[JPL] Looking for Music, but Not Œ Celebration, ¹ to Remember Castro? Put the Radio On

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February 24, 2008
OUR TOWNS
Looking for Music, but Not ŒCelebration,¹ to Remember Castro? Put the Radio
On

By PETER APPLEBOME
JERSEY CITY

Somewhere between Bobby Lee Trammell¹s ³Arkansas Twist² and Lula Reed and
Freddie King¹s ³Do the President Twist²; between the Elite¹s ³One Potato²
and its flip side, ³Two Potato²; between Slim Gaillard¹s ³Atomic Cocktail²
and spoken clips from ³Dragnet,² ³The Nutty Professor² and Phyllis Diller,
Dave the Spazz really pulled one out of his hat on Thursday night.

³I¹ve been waiting 50 years to play that one,² Dave, known outside the
studio as Dave Abramson, told his listeners on WFMU radio. That one was Jay
Chevalier¹s ³Castro Rock² from 1960:

Down in Cuba where they raise sugar cane

Got a brand new dance, it¹s a crazy thing

Named after a man by the name of Fidel

Just stand in one spot and shake like ... wellll

It¹s the Castro Rock, it¹s the Castro Rock

If you ever go to Cuba better learn to do the Castro Rock.

If any place was going to mark Fidel Castro¹s role in history by unearthing
Jay Chevalier, it figured to be WFMU-FM (91.1), which went on the air the
year before he came to power in 1959. The station, which is independent and
noncommercial, is celebrating its 50th birthday this week during its annual
as-brief-as-possible beg-athon, but if Mr. Castro has his spot in history,
remarkably, WFMU does too.

Since its beginning as the radio station at a now-defunct Lutheran college
in New Jersey, WFMU-FM has managed to carve out a niche for itself as
perhaps the longest-lived and most admired practitioner of free-form radio
programming. That now careers from Mr. Abramson¹s ³Music to Spazz By² to
³Put the Needle on the Record² by Billy Jam (mostly rap and hip-hop), to
Phuj Phactory with Ergo Phizmiz, described as ³bricolage, ballet, sound
tracks, antiquarian humor and vintage curios.²

Maybe the film director Jim Jarmusch is being hyperbolic when he proclaims,
in the introduction to a book of WFMU art, writing and ephemera, ³Hands
down, WFMU is the greatest radio station on the planet.²

But there¹s something of a history of modern communications in the survival
of a place that managed to mix yin and yang ‹ controlled chaos and business
acumen ‹ to thrive long after its original home, Upsala College, had gone
bankrupt.

³It¹s the little engine that could,² said Vin Scelsa, the longtime New York
radio figure now at WFUV-FM, who was there for the creation of WFMU¹s
current form as a student at Upsala in 1968. ³They¹ve always remained true
to their vision of letting the person on the air be the creator, weaving
whatever elements he or she wants to put together.²

For its first decade, WFMU operated much like the French club ‹ as a student
activity broadcasting lectures, Lutheran services and classical music or
jazz. Then, amid the ferment of the 1960s, Mr. Scelsa and his pals cooked up
a seamless mix of music, noise, talk and satire that lives to this day,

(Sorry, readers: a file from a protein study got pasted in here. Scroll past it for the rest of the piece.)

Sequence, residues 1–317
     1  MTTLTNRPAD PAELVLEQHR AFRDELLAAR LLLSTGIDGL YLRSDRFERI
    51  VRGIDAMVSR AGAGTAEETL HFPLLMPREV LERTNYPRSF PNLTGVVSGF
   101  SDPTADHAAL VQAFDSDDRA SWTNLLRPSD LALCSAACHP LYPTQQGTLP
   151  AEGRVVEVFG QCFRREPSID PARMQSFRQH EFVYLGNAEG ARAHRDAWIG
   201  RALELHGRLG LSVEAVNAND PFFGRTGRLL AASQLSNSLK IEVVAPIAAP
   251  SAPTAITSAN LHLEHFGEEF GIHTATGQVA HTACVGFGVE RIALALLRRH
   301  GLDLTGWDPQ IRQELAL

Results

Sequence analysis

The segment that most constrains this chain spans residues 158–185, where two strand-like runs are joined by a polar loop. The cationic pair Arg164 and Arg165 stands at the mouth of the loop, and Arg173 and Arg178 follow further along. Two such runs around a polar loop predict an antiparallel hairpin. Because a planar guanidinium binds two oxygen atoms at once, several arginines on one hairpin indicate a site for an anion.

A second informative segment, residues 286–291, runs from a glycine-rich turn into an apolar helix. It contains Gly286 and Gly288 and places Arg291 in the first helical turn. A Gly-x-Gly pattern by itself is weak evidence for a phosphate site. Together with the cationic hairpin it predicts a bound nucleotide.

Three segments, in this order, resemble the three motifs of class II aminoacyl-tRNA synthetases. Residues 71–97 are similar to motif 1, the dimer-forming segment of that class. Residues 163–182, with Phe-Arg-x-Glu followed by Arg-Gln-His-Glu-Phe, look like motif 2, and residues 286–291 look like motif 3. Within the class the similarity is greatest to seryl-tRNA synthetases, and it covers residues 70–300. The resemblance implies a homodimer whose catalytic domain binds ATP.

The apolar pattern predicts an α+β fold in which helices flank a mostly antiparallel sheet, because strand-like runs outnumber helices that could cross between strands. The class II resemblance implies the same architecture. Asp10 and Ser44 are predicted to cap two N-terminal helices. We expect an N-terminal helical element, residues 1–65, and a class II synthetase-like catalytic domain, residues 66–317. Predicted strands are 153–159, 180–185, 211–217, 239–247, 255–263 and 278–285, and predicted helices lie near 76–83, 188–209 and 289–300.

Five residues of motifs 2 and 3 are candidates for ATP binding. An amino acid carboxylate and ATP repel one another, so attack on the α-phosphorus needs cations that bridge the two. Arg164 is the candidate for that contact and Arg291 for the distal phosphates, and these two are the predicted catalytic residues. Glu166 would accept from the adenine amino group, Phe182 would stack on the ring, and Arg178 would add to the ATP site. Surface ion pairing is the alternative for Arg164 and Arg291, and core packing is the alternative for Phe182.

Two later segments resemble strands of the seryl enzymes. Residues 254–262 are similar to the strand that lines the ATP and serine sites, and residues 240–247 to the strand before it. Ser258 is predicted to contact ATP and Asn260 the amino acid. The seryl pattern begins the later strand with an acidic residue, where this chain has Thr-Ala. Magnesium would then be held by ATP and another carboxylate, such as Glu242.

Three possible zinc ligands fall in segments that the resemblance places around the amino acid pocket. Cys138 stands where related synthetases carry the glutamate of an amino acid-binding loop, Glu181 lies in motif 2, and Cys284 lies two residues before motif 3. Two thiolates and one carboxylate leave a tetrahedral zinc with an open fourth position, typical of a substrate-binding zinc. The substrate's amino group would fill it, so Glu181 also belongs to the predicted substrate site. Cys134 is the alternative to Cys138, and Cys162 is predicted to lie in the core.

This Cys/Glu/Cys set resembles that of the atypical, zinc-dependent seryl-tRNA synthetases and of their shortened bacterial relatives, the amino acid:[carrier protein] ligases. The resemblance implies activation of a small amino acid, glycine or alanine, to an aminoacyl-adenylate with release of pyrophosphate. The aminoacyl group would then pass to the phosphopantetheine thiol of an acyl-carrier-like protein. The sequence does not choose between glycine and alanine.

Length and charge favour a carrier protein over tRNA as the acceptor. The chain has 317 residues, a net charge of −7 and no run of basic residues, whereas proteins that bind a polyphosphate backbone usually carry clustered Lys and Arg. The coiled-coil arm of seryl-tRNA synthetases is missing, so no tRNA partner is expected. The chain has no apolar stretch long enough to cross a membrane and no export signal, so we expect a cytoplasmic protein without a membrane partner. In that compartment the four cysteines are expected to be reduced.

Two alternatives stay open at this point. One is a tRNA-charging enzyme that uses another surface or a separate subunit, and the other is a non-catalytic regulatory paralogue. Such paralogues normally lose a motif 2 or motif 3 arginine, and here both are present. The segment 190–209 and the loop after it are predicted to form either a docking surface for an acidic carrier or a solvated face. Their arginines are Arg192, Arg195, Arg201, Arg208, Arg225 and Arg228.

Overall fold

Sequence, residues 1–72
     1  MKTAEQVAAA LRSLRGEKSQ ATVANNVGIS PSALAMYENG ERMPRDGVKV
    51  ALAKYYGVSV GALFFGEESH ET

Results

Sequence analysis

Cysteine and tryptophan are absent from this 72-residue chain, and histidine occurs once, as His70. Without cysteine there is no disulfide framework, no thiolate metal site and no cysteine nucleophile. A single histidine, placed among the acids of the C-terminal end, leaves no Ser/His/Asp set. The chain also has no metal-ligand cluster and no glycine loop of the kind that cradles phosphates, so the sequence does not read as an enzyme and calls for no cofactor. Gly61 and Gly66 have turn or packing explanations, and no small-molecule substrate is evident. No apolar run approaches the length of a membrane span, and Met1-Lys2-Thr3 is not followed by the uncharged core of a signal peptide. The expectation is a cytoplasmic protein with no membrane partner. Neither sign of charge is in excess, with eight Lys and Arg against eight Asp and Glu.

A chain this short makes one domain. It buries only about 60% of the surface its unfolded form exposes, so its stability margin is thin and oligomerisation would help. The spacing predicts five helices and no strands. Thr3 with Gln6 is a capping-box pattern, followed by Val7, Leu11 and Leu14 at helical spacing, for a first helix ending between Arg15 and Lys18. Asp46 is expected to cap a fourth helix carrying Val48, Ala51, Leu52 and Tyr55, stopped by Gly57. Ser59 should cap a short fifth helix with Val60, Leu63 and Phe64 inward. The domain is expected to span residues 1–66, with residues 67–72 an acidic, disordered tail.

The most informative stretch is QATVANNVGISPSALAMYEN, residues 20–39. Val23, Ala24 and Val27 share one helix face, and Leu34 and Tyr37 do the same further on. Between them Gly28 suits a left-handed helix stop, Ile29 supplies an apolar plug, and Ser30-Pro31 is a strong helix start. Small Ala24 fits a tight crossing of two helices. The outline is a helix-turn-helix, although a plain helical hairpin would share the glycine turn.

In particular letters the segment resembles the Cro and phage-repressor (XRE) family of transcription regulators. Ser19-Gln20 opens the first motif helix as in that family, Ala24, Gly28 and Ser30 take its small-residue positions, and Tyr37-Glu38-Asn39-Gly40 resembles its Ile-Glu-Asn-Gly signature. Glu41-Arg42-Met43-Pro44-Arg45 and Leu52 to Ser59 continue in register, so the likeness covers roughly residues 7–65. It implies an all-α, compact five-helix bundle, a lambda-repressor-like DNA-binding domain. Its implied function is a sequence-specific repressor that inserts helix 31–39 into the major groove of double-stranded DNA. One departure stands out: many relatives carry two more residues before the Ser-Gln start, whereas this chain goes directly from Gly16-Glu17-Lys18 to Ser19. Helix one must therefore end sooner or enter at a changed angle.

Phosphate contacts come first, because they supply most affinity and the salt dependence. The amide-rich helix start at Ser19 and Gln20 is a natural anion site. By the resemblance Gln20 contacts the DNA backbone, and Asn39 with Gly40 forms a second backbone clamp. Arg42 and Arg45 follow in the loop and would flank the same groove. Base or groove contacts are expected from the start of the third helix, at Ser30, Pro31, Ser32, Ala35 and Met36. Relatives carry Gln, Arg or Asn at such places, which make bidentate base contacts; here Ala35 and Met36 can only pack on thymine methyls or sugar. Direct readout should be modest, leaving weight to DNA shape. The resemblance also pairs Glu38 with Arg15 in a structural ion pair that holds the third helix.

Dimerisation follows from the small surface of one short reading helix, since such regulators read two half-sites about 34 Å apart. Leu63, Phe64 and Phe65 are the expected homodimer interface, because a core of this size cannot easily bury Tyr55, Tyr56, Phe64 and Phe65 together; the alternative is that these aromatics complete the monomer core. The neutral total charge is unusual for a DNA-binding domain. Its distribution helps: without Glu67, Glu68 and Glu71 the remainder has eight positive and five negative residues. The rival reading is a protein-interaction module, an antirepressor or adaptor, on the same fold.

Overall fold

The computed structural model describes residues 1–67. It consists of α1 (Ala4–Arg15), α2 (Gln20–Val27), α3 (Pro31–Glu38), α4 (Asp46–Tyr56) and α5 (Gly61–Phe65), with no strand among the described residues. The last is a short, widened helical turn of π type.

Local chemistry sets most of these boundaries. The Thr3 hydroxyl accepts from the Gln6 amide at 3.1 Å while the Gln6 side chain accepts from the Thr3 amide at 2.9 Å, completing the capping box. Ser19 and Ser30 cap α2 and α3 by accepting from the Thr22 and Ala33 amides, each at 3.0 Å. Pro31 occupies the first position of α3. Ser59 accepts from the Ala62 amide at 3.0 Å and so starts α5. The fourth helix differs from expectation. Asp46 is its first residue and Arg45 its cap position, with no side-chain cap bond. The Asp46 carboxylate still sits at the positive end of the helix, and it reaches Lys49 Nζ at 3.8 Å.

after an interregnum in 1969 when the staff walked out and Upsala shut the
place down for 10 months.

But it returned, and has since morphed into a world as varied as the one in
³The Lord of the Rings.² True fans, for instance, can endlessly ponder the
72-card set of WFMU Airwave Idols, in which they can find out each D.J.¹s
most embarrassing record owned, favorite movie and record playing when
virginity was lost (those last include Miles Davis¹s ³Kind of Blue,²
something by Lionel Richie, and ³If I Die, I Die,² by the Virgin Prunes).

WFMU is probably around for two reasons, both linked to Ken Freedman, its
general manager since 1985. First, when Upsala went bankrupt, the staff
members were prepared to buy the license, make the station independent and
later find a new permanent home in a building they bought in Jersey City.
The station has a $1.2 million budget, six full-time workers and about 200
volunteers, including almost all the D.J.¹s.

Second, and most important, WFMU, to use this year¹s political coinage,
embraced change in a big way. It put up its Web site (wfmu.org) in 1993,
before most of us knew what a Web site was. It began streaming its shows
full time in 1997. Instead of being a dinosaur medium eaten up by new
technology, it managed to create an international niche brand. So Mr.
Abramson occasionally works as a D.J. at weddings in places like Japan and
Tucson for people who listen to him on WFMU.

³They know I¹m not going to do ŒCelebration,¹ ² he said on Thursday at the
station.

Some of the sound snippets in Mr. Abramson¹s aural soup came from the 1959
science fiction movie ³Plan 9 From Outer Space.²

³Why is it so important that you want to contact the governments of our
Earth?²

³Because all you of Earth are idiots!²

Well, maybe not all earthlings, but it seems to some WFMUers that 50 years
of this is way too much fun to ask for.

³This is the kind of place that shouldn¹t exist but somehow does,² said Tom
Scharpling, whose show is modestly titled ³The Best Show on WFMU.²

³I keep thinking the bad guys will win in the end and take it all away, but
somehow it all seems to keep working.²

E-mail: peappl at nytimes.com


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